Moon Ho is driving south to see his parents and announce his upcoming marriage to fiancé Sun Young, also on the journey. After taking a brief stop at a service station, the future husband is distressed to find that Sun Young has disappeared with no clue as to how or why she has gone. Moon finds the police unable to help and when he discovers that his fiancé is not the person he thought she was all trace of her seems to be erased.
Unwilling to give up so easily though, Moon Ho gets in contact with his cousin, a former police officer struggling to find work after being fired for taking a bribe, and together they gradually piece together what happened to the Sun Young. As events unfold, Moon Ho discovers how little he really knew about his girlfriend.
‘Helpless’ starts in the way it is expected to: playful dialogue between lovers before the disappearance of the female protagonist gets the narrative ball rolling. Many films have exploited this initial concept with ease and have tightened the vice accordingly only to discover that the real skill is displayed when the mystery has to be solved. Unlike many lesser thrillers that have hooked the viewer with a slick opening only to lose them to overwhelming apathy as the story progresses, ‘Helpless’ is engrossing right up until the closing credits, a feat that should be mentioned first.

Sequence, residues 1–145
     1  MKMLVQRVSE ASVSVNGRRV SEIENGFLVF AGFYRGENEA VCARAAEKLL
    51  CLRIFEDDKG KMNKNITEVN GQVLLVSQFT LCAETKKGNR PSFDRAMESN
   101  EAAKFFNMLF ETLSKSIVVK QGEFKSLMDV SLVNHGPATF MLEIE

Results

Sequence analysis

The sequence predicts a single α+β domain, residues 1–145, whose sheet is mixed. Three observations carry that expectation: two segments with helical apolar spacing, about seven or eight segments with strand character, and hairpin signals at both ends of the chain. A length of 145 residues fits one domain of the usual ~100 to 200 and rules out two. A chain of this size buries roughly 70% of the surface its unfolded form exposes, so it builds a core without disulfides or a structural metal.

Building patiently, intelligently and with full respect for the audience’s attention span – and this is a film where missing just a few minutes through external distraction is fatal – ‘Helpless’ takes its time approaching the answers to the puzzle, but never does the audience feel as if they are going through the motions just to reach the denouement. Credit must go to director/writer Byun Young-Joo (based on the book by Miyuki Miyabe) for getting us to invest enough in the characters to go on their journey with them.
Though ‘Helpless’ features characters that are genre staples (Lee Sun-Kyun is the innocent hero thrust into a dark, disturbing world while Cho Seong-Ha is the disgraced ‘rough diamond’ looking for redemption) the acting has enough of an edge to divert attention away from clichés. A fine thriller, a solid drama and two hours of quality entertainment.
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